By Guido Grillenmeier, Chief Technologist, Semperis
Attackers will find routes into the cloud that start on your on-premises server
On-premises Active Directory (AD), Windows’ directory service, remains a wide open weak spot in most companies. As the core of Windows operating systems, AD manages user permissions and holds the key to numerous business-critical processes and services – but its default configuration makes it an easy target. While businesses are increasingly shifting workloads from on premises to the cloud, AD remains a foundational piece of infrastructure for both environments for 90% of organisations, and it’s not going anywhere anytime soon. Cybercriminals know this and are increasingly using AD weaknesses as an inroad for attacks against data and applications in the cloud, thus bypassing classic cloud protection systems.
Attackers will increasingly target identity systems
As the recent Facebook outage showed, when core identity providers go down, those applications that depend on them for user authentication are affected too. The more users rely on shared infrastructure, the more impactful outages will be. This makes large identity providers a perfect target for hackers. For the fast-growing number of businesses around the world that depend on the Microsoft Azure cloud, Azure AD acts as a major identity provider, authenticating countless users every minute. Hackers compromising Azure AD could therefore take out several apps at once and do damage on a large scale.
Zero trust will become the default in many organisations
With hybrid workspaces here to stay, organisations need to ensure safe identity management in the cloud. More businesses will adopt zero-trust authentication and access models as the necessity for the protection of cloud identities increases.
Sophisticated ransomware attacks will come from unsophisticated attackers
Sophisticated ransomware attacks are no longer the preserve of nation states. In 2022, anybody can access the tools to carry them out. Ransomware-as-a-service is another way that unskilled actors are getting the job done—by contracting out to groups like LockBit 2.0 to do the dirty work. As attackers seek to make maximum profit, campaigns that steal and threaten to reveal information gain popularity. Once data has been extorted, attackers may then come back asking for regular payments.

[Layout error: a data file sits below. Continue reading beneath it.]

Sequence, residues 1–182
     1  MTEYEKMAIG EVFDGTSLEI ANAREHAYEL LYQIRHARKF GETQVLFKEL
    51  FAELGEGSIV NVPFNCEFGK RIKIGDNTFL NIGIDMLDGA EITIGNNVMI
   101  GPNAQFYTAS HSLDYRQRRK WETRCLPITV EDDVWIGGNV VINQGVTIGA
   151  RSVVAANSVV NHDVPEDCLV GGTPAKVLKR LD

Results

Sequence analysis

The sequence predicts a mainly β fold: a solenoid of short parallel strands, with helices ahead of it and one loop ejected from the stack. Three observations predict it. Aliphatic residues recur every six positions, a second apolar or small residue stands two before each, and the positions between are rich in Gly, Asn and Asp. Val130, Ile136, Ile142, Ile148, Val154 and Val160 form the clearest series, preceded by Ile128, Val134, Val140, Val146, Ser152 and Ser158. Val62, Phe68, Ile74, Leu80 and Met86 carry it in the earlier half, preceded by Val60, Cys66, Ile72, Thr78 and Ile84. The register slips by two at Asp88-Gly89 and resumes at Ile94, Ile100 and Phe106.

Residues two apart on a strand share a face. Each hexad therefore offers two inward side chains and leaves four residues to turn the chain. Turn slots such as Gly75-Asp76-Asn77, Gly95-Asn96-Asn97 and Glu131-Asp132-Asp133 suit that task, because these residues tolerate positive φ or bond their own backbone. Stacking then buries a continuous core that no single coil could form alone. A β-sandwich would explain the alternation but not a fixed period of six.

The ransomware crisis will reach fever pitch before governments take significant action – fuelled by the fact that there is no shortage in vulnerable systems that can be attacked. What’s worse, any remaining morality filter has been removed. Attackers no longer care about the physical impact they cause, for example by attacking critical infrastructure and hospitals where lives could be at risk. As a result, critical everyday services could become unavailable, prices could go up and we could find ransomware affecting our daily lives.
A rise in intellectual property theft
Large companies will have a hard time protecting their intellectual property against digital espionage. Businesses are having to manage increasingly complex IT systems with the same or fewer staff, and are finding it difficult to fill highly skilled security positions. Cybercriminals will continue to find easy ways into an organisation by attacking a smaller or newer company higher up the supply chain that hasn’t got strong cyber defences in place, so there is no doubt that we will see more supply chain attacks in the new year. We may see bad actors deploying artificial intelligence as they have the money and resources to do so.